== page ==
Even towards the end, that man Afridi, demonstrative and energetic as ever, clapped vigorously, trying to drum up passion among his team-mates. But Pakistan simply hadn't turned up at the Premadasa.

Abhishek Purohit is an editorial assistant at ESPNcricinfo

Comments have now been closed for this article

  • Dummy4 on October 2, 2012, 9:21 GMT

    Yes, yes, yes, you are absolutely right but former cricketers of Pakistan are looking for all reasons that caused Pakistan to lose except the poor performance of this man when it was required by him to step up and lead form the front.

  • Dummy4 on October 2, 2012, 7:22 GMT

    i totaly agreed this comment from fahim-akhter, Winning & losing is the part however, I think Hafeez & company didn't try to win game what r the reasons, its big ? mark also we don't see any game plan and hung of victory, i think its time to real changes in pakistan team,we lose with same old horses so y don't make new blood from merrit,we should make team for next 2 or 3 years,with new young energetic captain with some young batsman bowlers ,b/c 20/20 is the game of energy power and courge, our this team onley play own persnol play ,defencvi play but i think 20/20 is an attacking cricket

  • Dummy4 on October 1, 2012, 20:41 GMT

    attitude of hafees is questionable he only bowl one over.that is very rare and his wasting of bowls also shows some thing is wrong.

  • Cricket on October 1, 2012, 20:17 GMT

    @ EngineerKhan on (October 01 2012, 17:55 PM GMT) :- Yes, I completely agree with you. Even i did not understand why some of the fans are blaming Afridi for Paksitans poor performance, even though his bowling has been very good. Also I would like to point out that Afridi is one of the best Pakistani fielder alongwith Umar Akmal. on the other hand Gul has taken only 2 wickets at an avg of 65.5 & economy 10.91 in his 4 games.(Afrdi 3 wickts, avg 36, eco 6.87 ) Stats ->;type=tournament

  • Cricket on October 1, 2012, 20:12 GMT

    correction to my earlier stats : In comparison Y.Arafat has taken 5 wickets at avg 14.6 & eco 9.12. Stats ->;type=tournament

  • Cricket on October 1, 2012, 19:25 GMT

    @ asim229 on (October 01 2012, 15:15 PM GMT) :- You have a point, but the selectors have not given any other options to Hafeez. In the present squad only Shafiq is there to replace Nazir. Other guys on the bench are Sami & S.Tanvir, who should not have been picked for this tournament. That leaves Hafeez with very little choice. Also if Junaid would have been in the squad it would have helped Hafeez, but he is not in the squad. So Hafeez is left with playing Gul who has taken 2 wickets in this tournament at an avg of 65.50 runs per wicket & eco 10.91 runs per over. Gul is ranked 49th in the wicket takers list in this Tournament. Stats -->;type=tournament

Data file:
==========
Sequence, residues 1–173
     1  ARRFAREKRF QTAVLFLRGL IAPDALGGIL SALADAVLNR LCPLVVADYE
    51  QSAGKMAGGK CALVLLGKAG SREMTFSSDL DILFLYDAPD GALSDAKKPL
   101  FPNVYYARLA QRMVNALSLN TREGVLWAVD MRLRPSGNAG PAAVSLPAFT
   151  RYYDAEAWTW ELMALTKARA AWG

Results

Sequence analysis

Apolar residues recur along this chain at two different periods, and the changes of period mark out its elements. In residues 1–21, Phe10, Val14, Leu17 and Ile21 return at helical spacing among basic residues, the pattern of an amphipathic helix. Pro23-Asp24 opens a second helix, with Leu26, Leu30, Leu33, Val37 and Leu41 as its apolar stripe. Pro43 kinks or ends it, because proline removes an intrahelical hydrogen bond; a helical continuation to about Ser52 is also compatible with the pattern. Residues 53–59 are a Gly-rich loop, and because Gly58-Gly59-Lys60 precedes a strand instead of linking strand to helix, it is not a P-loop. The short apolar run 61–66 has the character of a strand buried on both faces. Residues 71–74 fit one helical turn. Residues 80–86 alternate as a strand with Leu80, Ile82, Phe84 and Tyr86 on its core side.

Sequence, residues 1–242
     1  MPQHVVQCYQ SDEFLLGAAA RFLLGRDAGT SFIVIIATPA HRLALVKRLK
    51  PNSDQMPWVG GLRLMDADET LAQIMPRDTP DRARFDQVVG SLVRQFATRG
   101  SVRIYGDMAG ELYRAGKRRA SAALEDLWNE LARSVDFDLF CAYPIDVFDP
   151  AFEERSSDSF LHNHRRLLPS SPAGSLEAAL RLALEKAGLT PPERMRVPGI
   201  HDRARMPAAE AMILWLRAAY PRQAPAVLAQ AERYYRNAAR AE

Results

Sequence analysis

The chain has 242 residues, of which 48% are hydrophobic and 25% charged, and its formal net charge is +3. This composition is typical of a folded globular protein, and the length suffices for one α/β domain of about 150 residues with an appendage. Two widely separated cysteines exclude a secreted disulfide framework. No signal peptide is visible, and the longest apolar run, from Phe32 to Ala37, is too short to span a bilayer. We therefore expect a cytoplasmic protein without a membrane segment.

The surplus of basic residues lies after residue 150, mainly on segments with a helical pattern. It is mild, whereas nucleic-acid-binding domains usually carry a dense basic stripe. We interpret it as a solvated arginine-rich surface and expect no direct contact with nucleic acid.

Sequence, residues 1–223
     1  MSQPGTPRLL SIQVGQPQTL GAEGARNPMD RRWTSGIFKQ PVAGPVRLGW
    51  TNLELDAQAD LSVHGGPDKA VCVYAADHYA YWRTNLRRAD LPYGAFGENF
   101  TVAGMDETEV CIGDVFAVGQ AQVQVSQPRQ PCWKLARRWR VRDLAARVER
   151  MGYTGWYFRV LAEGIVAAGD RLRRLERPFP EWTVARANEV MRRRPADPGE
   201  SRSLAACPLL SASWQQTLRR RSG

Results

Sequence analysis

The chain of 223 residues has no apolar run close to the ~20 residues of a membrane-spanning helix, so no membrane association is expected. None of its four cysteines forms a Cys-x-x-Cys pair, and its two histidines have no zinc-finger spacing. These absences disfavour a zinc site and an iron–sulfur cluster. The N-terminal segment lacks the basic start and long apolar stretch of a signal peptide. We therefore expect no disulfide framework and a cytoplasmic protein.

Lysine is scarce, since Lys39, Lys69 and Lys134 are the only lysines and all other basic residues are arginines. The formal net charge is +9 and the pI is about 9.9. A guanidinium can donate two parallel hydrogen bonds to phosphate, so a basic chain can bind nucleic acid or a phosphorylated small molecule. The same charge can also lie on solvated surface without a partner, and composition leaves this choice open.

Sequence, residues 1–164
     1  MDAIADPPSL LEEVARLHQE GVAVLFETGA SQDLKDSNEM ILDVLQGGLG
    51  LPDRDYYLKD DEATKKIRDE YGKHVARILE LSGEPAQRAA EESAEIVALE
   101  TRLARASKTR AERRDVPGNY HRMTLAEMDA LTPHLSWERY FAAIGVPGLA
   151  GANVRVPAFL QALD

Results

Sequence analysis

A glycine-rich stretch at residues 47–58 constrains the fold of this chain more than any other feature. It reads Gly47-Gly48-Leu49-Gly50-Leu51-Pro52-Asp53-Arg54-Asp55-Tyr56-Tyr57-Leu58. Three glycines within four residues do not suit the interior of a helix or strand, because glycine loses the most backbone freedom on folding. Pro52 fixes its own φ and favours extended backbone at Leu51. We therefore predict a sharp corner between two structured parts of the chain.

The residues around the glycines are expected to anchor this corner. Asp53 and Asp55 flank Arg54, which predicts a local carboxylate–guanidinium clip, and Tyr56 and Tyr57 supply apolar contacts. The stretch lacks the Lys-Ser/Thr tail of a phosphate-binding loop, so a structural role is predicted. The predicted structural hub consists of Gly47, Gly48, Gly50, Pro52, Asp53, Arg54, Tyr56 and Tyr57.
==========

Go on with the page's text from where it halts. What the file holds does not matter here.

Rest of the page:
• Cricket on October 1, 2012, 19:18 GMT

    I hope Hafeez puts Nasir Jamshed back to the opening slot. my preference is 1) Hafeez, 2) N.Jamshed, 3) K.Akmal, 4) A.Shafiq, 5) U.Akmal, 6) S.Mallik, 7) A.Razzaq, 8) S.Afridi, 9) Y.Arafat, 10) S.Ajamal, 11) R.Hasan. , I know many will be surprised at my choice of replacing Gul, but he has taken only 2 wickets in this tournament at an avg of 65.5 and economy of 10.91. That is the poorest in the tournament so far. Now Hafeez cannot wait any more for Gul to come back to form as this is a do or die game for Hafeez & Pakistan. In comparison Y.Arafat has taken 5 wickets at avg 10 & eco 6.

  • abdul on October 1, 2012, 19:11 GMT

    drop hafeez, never liked him

  • Cricket on October 1, 2012, 19:10 GMT

    In my earlier comment I had recommended bringing in Abdul Razzaq in place of Yasir Arafat. But now after checking the performances in this tournament I found some very suprising stats. Umar Gul has taken only 2 wickets from 4 games at an avg of 65.50 runs per wicket and an economy of 10.91 which is one of the worst in the tournament. As a result of his poor performance in this WC he stands on the 49th position in the highest wicket takers of this tournament.;type=tournament , Whereas Y.Arafat has taken 5 wickets, avg 10, eco 6. Arafat is highest pakistani on that list. That prompts me to change my preference and bring A.Razzaq in place of U.Gul, & A.Shafiq in place of I.Nazir.

  • aziz on October 1, 2012, 19:09 GMT

    Some players thrive under pressure in big games. There are some who wilt under pressure. Hafeez and Kamran Akmal have never performed under pressure when Pakistan needed their contribution. Afridi, Abdul razzak, Umar Gul and Umar Akmal have performed under pressure situations. There is no logic in persisting with Yasir Arafat when he is used for one or two overs only and his average runs per over in 11 or 12. Hafeez and Kamran should come down the order and Hafeez should try some aggressive field placing when Afridi and Saeed Ajmal are bowling. Pakistan will still qualify for the semis.